Baseball is not normally a sport that allows for hot takes or major reactions that end up making a lot of sense by the time the 162-game marathon reaches the […]
Baseball is not normally a sport that allows for hot takes or major reactions that end up making a lot of sense by the time the 162-game marathon reaches the finish line.
But in this 60-game sprint of 2020, nothing’s normal. Every game is magnified. That’s why it’s fair to say that on Wednesday night, the Indians put up their biggest win of the season to date.
For a second straight night, Cleveland’s offense came alive, a sharp reverse from 48 hours earlier when the Tribe went 1-for-9 with runners in scoring position and left 11 on base in a series opener loss to the first-place Twins. Yet, it’s in the response from that against a team that, when healthy, is a championship level contender, that provides the most telling moment of Cleveland’s season thus far. A loss on Wednesday, and the Indians would have been two and a half games back of the Twins with 29 left. Instead, they find themselves just a half game back, after a dramatic 6-3 victory over Minnesota to take the rubber match.
In a 3-3 game in the eighth inning, it was only fitting that Sergio Romo was on the rubber for the Twins. After chirping with the Indians dugout on Monday night and getting the best of Cleveland in the series opener, the Tribe had the final word on Wednesday.
Carlos Santana led off with a single. Baserunners have been a more common sight lately. Franmil Reyes worked a walk. The table was set, but for a bottom four in the lineup that entered the series with Minnesota with a combined .153 batting average on the year. Cleveland’s had the feel of a team that, if the top five in the order aren’t producing, the bottom four are certainly not picking them up. On this night, though, the script was flipped with the outfielder who’s done everything to make a case to be in the lineup every day: Tyler Naquin. The right fielder laced an RBI double the other way, heading into the left field corner to score Santana. The hit pushed the Cleveland right fielder to a 9-for-his-last-16 mark.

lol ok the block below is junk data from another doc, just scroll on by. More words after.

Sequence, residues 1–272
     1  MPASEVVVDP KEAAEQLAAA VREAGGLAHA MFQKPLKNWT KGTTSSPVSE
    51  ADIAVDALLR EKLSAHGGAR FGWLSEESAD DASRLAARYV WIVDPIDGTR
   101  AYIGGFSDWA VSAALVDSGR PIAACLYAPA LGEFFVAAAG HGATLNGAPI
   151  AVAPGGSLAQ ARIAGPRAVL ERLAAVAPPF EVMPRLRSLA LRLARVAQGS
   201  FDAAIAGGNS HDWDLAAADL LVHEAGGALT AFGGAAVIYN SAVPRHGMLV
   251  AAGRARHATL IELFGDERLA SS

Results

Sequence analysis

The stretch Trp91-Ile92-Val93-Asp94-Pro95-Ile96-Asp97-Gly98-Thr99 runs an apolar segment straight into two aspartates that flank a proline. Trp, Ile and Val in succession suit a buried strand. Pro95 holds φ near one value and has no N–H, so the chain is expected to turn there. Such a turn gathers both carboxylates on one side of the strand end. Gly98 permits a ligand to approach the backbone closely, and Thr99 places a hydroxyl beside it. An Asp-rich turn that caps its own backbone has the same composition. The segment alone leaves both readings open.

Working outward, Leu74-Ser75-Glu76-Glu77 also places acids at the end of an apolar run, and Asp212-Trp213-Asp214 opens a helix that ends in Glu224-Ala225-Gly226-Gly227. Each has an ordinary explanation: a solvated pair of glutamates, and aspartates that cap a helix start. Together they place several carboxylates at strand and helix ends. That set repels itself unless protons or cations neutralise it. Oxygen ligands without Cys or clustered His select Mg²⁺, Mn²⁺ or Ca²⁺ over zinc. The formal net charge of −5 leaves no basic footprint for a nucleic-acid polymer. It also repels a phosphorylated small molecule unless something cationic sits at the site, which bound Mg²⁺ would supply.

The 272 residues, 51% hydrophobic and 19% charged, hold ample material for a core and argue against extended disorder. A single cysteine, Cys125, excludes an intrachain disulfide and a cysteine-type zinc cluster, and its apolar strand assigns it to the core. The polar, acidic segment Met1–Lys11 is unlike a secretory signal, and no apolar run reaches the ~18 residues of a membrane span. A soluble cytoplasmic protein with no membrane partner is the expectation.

“A guy like Romo, he’s got good stuff,” Naquin said when asked about his clutch knock. “You know he’s going to try to keep you off-balance with his changeup and slider, and just not try to do too much. You can’t get bait on him. He threw that changeup, the first one I fouled off. The next one, he left a little more over the plate and I was able to just shoot it the other way.”
The lead was 4-3, but with two still on and just one out, it was an opportunity for the Tribe to find insurance for Brad Hand. Situational hitting has been more cold than hot, but not on this night. Not when the Indians needed to package together some of their best baseball of the season to date. Greg Allen hit a sac liner to right field to score Reyes. And with two outs, arguably the most consistent hitter in the lineup, Cesar Hernandez put the cherry on top with an RBI single. Score six runs for this pitching staff? Book it. Cleveland moved to 15-2 when scoring three or more runs in a game – 15-2.
“We always play competitive baseball against Minnesota,” fill-in manager Sandy Alomar, who is now 11-5 in the role, said. “Last year, we won more games than we lost against them. They know we come and play them well. We have the pitching to compete with them.”